In the olden days of yore, newspapers used to have morning and evening editions. Even in those days there was competition to get people news faster. Today, you just can’t compete with the Internet for delivering news. Even the 24-hour cable news companies can’t deliver news like the Internet simply because it’s a single channel of information. News organizations are just going to have to face the fact that the Internet simply cannot be beaten.

    That being said, there is still a way to preserve print journalism, and I think that Bruce Schneier has the model.

    Some time ago, Bruce Schneier of Crypto-Gram fame (among others) struggled with the decision to continue his mailing list or abandon it in favor of his online blog and forum. After some consternation he decided to keep both, with the caveat that the monthly mailing list would simply be a digest of his blog with links in each section to the original to the online post. This dual channel of delivery satisfied a far wider audience then either method alone. For example, I don’t feel like visiting his fora, but I do enjoy the monthly mail — it’s a lovely surprise when it arrives and it contains information I’m interested in but not so interested that I must take a daily feed from the trough. And, if there is a really interesting piece, I can always go to the original article and participate online.

    News companies need to follow a similar model. The web site should always come first, but a digest of the interesting stories can be published periodically, but not necessarily daily. The newspaper companies should abandon their printing presses and outsource the printing and delivery to independent companies. These independent companies could handle the work of multiple news agencies simply because the print circulation has dropped to levels where dedicated printing would no longer be required. Indeed, by using outsourced print companies, news agencies could deliver electronic copies to re-printers throughout the country so that people could get print copies of non-local papers for the same price as a local.

    Unfortunately, I think that — much like the movie industry — there are too many entrenched interests to make much headway on this strategy.

  11. davegroff says:

    Newspapers in Canada are still profitable (I work for the web division of a media company here). Its a smaller business than it used to be but advertiser supported news can still be done profitably. I don’t doubt some newspapers will go under, but its a little early to call the extinction of the industry.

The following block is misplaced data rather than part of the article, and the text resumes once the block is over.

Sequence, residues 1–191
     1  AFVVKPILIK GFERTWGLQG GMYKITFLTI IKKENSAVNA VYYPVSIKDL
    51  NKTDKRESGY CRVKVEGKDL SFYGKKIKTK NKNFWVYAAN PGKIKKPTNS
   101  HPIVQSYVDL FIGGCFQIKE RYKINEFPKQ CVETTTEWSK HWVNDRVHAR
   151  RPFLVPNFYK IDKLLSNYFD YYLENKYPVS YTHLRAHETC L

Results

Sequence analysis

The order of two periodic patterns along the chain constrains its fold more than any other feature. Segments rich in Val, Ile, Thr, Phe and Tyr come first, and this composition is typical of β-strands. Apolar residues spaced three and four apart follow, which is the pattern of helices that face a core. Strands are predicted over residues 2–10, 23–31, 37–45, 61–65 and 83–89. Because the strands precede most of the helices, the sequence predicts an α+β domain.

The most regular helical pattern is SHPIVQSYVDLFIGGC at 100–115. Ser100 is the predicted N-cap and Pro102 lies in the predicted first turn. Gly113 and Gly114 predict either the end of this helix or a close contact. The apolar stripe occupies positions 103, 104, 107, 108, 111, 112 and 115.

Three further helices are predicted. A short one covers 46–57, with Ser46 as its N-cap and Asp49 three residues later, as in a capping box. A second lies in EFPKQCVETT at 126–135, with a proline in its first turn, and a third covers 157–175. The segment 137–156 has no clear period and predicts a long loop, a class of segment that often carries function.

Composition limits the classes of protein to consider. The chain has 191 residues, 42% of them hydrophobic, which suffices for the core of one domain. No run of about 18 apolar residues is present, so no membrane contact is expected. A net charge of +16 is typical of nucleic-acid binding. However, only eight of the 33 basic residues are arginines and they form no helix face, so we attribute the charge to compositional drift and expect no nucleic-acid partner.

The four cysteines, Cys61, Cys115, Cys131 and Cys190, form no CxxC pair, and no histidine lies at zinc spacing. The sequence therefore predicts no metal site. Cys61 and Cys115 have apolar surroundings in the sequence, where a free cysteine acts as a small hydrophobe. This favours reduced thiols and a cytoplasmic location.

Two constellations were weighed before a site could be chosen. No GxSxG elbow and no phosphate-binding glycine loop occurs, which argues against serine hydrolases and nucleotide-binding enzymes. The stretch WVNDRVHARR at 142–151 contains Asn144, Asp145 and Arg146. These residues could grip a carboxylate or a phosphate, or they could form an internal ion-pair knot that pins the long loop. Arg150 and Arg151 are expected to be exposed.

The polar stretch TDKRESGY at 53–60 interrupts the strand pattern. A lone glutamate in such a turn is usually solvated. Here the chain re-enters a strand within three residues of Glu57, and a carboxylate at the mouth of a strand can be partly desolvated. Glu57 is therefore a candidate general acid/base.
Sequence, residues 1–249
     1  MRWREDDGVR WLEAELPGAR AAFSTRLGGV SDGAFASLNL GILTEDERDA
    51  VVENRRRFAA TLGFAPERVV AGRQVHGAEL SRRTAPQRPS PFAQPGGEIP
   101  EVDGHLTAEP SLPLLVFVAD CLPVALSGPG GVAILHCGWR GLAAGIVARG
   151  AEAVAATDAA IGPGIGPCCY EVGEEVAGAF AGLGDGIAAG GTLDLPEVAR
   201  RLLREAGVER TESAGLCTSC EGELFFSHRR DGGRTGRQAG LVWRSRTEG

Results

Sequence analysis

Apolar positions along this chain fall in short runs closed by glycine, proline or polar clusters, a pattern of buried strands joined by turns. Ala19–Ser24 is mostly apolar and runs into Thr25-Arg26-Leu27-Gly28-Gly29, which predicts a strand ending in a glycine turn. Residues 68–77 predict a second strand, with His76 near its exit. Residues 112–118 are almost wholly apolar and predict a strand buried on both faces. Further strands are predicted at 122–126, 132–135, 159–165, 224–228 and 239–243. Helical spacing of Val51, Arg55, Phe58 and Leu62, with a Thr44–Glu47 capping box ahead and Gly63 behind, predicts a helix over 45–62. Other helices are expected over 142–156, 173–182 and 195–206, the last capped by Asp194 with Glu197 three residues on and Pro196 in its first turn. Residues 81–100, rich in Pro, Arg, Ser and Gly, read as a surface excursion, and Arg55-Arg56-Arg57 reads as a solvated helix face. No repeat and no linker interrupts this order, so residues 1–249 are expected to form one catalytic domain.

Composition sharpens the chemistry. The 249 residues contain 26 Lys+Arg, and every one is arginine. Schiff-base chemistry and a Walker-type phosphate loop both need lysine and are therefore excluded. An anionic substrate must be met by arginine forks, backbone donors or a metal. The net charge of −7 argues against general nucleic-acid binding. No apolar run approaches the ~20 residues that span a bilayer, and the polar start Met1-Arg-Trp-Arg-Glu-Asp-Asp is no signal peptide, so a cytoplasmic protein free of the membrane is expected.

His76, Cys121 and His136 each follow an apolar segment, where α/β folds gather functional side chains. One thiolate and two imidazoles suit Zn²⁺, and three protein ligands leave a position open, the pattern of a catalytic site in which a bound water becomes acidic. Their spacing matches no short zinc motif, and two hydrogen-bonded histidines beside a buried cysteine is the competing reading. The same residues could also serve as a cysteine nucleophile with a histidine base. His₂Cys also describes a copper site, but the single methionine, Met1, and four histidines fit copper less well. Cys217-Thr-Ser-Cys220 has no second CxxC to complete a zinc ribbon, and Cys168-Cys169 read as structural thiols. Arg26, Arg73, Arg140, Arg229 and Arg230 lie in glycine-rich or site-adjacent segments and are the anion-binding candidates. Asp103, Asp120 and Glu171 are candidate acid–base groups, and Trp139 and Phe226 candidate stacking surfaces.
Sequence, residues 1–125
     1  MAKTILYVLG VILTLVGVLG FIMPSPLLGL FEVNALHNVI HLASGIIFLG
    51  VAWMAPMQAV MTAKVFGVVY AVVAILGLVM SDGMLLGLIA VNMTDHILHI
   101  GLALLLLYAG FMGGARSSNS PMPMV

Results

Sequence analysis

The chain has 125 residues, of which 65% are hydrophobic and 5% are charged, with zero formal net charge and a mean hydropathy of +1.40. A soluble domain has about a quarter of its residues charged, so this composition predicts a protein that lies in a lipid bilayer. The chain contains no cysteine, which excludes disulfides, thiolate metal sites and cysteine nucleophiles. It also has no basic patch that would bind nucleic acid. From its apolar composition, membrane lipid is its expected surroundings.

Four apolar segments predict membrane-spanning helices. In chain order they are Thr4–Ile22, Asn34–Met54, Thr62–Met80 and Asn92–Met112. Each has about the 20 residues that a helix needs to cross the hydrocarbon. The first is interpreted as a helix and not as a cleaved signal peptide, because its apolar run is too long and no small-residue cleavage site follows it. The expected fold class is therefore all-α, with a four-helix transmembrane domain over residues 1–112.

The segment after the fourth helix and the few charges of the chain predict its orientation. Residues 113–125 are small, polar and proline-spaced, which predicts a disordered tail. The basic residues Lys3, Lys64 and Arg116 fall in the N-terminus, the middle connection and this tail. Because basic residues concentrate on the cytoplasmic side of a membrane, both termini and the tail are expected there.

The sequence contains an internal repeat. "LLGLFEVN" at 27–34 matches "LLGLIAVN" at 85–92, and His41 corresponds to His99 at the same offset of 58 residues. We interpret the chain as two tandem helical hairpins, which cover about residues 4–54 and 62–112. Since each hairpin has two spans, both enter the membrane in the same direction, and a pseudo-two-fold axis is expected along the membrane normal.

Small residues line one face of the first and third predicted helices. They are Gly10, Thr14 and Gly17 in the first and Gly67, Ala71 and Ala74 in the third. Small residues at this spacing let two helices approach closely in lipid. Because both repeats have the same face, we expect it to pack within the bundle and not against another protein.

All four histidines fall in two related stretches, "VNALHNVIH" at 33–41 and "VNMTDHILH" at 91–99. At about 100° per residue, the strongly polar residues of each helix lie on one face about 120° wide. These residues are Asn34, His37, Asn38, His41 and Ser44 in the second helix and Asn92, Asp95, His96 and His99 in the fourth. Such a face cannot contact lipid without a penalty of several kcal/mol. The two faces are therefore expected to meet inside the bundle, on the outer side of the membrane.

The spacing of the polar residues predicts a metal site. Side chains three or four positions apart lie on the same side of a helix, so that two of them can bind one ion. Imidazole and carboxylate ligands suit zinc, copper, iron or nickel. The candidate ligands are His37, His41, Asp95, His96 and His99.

12. Anonymous says:

    Rob Beschizza says: xxx Just because newspapers are stupid and greedy doesnt mean we haven’t developed a sense of entitlement. xxx

    Yay! An (all too rare) acknowledgement by a boingboinger that there’s a two-way street in the “future of newspapers” debate! Some media companies may be dumb — but so are any news consumers who believe in free lunches. You get what you pay for.

    Newspapers should offer quality, and ask people to pay for it. Consumers who want quality, should be willing to pay for it.

    I am using the word “newspaper” loosely. (‘newsentity,’ anyone?) I am also using the word “pay” loosely — you can “pay” for quality various ways. For instance at boingboing, one way you “pay” is via the writers’ promotional posts about outside money-making projects. I’m not complaining about that. Rather, I am pointing out that this seems to be something that helps sustain the site. That’s a fine bargain to strike. It is a value proposition that works.

    Back to newspapers. I believe newspapers were stupid to give away their product, after basically spending centuries training people to pay. Declaring today that your product is worth nothing, when for 10,000 yesterdays you said it was worth something, is a biiig mistake. Perhaps it’s even suicide. Time will tell.

    Important: I am NOT arguing against change. I’m arguing that, if you abandon one value proposition (“pay me for access to my reporting”) you damn well better have an equal or better replacement. That’s business 101.

    Newspapers sure screwed the pooch on that one.

    But news consumers, too, might screw up if they think that “something for nothing” is somehow magically sustainable.

  13. teufelsdroch says:

    Papers are authoritative. Rants are not.

    No substitute.

    Also, the modern direction of the net is toward more control, not less. Nick Carr is right, not Pierre Levy.

  14. Anonymous says:

    Anon 14 here, responding to jcalhoun:

    The key word in my sentence is the “good” work that they do.